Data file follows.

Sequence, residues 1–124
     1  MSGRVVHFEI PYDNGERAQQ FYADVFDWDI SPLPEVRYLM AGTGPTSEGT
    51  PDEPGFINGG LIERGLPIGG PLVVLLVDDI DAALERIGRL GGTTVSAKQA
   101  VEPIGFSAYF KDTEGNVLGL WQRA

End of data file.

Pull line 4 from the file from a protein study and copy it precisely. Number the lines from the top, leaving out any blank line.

   101  VEPIGFSAYF KDTEGNVLGL WQRA